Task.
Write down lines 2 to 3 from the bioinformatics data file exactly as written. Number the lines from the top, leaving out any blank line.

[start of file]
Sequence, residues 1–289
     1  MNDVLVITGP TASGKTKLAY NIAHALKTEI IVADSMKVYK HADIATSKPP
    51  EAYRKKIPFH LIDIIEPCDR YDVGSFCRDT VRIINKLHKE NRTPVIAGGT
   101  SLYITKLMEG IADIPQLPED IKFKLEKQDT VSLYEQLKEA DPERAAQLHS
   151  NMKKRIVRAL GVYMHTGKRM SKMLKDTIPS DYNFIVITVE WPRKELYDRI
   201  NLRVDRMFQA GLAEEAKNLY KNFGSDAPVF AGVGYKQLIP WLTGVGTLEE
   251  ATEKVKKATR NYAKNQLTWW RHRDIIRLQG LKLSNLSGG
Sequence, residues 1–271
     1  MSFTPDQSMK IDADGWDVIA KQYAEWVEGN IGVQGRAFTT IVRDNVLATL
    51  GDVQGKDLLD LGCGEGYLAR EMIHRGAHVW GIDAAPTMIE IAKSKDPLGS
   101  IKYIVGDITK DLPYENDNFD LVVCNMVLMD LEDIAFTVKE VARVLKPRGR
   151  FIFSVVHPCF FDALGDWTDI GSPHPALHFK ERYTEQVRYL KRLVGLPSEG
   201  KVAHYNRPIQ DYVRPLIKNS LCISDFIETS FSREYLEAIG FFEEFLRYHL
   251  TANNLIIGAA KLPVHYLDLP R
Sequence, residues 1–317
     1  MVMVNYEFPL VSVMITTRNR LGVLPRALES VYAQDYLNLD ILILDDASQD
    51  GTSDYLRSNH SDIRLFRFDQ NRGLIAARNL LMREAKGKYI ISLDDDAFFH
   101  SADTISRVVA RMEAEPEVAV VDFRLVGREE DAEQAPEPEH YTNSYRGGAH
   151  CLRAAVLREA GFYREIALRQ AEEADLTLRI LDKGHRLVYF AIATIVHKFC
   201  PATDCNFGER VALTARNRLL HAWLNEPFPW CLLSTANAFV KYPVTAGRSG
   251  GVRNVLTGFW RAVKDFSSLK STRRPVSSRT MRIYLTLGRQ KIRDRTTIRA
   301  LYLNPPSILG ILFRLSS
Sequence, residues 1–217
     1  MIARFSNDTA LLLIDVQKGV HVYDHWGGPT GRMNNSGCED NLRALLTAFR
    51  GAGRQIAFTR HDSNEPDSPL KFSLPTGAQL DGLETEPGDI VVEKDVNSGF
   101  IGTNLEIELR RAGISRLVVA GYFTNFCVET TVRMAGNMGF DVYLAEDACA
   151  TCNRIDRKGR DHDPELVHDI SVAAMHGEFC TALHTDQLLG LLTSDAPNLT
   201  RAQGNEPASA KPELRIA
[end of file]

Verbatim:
     1  MNDVLVITGP TASGKTKLAY NIAHALKTEI IVADSMKVYK HADIATSKPP
    51  EAYRKKIPFH LIDIIEPCDR YDVGSFCRDT VRIINKLHKE NRTPVIAGGT